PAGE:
One week ago, an eclectic group of ambitious young men and women flocked to HackMIT to crowd themselves into a gym for 30 hours and make…something.
The hacking arena.
The ingredients: ideas, sleeplessness, Red Bull, and a steady flow of snacks that ranged from burritos to late-night “insomnia cookies” to breakfast bagels with half-and-half milk. Toss in a hallway lined with air mattresses for catnappers, and throw in a bunch of toys: Oculus Rifts, Pebble watches, Google Glasses, Arduinos, breadboards…all sandboxes for building castles. Put them all together, slap on a deadline, and you’ve got yourself a hackathon.
Insomnia Cookies: honestly some of the best cookies I’ve ever had.
Rocking the Oculus Rift.
Hacking, as defined by Wikipedia: “the act of engaging in activities (such as programming or other media) in a spirit of playfulness and exploration.” Don’t confuse it with chopping down trees, or serious coughing, or the illegal entry of computer systems. Hacking is no less than the building of the future.
For one team, that future was one with a smart refrigerator mounted with an internal webcam that would detect, identify, and tag with an expiration date any food placed inside it. Another team was hard at work making a Grand Theft Auto-inspired game set in, well, any setting on Earth the player wanted, as long as it was on Google Maps. Yet another team was going to reinvent the breathalyzer. “Are you going to need testers for that?” joked another hacker on break from coding his Chrome extension that would allow users to copy-paste text directly from in-browser image files. That hacker, Kevin K. ’17, ended up winning second place (and $2000) in the hackathon, beat out only by a hack that lets users draw on a 3-D digital whiteboard by moving a flashlight in front of a webcam.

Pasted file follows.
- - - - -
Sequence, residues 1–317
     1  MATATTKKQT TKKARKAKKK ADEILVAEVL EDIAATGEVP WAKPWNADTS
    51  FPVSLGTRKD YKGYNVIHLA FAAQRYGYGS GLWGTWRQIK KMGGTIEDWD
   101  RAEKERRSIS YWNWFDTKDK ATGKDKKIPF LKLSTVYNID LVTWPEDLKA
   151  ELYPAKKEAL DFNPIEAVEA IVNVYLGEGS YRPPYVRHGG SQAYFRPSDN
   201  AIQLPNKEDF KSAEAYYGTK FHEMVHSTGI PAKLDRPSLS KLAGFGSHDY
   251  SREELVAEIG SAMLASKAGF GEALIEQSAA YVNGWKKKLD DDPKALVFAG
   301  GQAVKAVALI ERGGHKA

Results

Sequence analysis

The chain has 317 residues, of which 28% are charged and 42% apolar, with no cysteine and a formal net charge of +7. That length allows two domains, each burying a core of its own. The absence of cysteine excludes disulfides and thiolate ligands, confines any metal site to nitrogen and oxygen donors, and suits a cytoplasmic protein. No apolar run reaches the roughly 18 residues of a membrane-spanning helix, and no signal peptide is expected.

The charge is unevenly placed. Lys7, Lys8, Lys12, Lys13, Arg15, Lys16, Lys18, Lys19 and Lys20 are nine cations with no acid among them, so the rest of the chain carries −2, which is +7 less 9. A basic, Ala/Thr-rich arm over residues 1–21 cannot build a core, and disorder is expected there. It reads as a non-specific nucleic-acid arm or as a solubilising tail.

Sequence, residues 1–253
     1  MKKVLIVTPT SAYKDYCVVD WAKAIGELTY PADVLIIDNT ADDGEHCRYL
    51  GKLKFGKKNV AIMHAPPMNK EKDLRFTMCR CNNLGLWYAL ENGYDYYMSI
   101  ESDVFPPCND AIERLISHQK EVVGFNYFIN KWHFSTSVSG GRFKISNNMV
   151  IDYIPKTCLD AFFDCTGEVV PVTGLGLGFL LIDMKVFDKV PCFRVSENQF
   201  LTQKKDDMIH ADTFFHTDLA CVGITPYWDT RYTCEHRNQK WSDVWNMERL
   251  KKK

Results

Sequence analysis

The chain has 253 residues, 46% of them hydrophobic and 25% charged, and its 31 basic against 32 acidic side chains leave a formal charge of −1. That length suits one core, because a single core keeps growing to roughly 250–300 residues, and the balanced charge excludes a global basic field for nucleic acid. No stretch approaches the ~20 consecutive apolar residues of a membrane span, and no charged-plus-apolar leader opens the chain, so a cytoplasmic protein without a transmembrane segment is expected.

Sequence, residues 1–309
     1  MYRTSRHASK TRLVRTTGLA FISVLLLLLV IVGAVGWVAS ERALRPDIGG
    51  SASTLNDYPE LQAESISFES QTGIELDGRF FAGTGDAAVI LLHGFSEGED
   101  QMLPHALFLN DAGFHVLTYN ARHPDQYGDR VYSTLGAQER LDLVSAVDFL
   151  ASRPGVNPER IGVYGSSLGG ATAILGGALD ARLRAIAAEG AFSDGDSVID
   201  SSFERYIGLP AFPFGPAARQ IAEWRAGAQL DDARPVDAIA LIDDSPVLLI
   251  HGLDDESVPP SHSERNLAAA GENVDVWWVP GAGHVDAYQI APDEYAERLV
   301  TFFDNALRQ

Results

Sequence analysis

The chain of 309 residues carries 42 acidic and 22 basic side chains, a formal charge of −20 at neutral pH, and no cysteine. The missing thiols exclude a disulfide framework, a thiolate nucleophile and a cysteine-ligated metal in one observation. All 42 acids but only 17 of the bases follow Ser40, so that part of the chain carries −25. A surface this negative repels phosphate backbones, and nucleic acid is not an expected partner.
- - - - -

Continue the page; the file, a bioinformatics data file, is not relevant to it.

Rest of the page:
The second-place-winning project of HackMIT 2013, in the making.
I…am not a hacker (yet). I went into the hackathon with a mild curiosity for this new phenomenon, armed with Rastaban (my camera) because the HackMIT organizers gave lucky me the opportunity to help photograph the event. I wandered out of the hackathon slightly dazed, very tired, and incredibly motivated to build the skills to become a hacker by next year’s HackMIT. New goal for myself: finish the current Codecademy curriculum (and become fluent enough in those languages to build my own castles) by the end of summer 2014.
More sights from the hackathon below. Enjoy!
Plexiglass windows function fairly well as whiteboards. Or should I say, clearboards?
Even hackers need backrubs sometimes.
Hacking under the HackMIT logo.
HackMIT in a nutshell.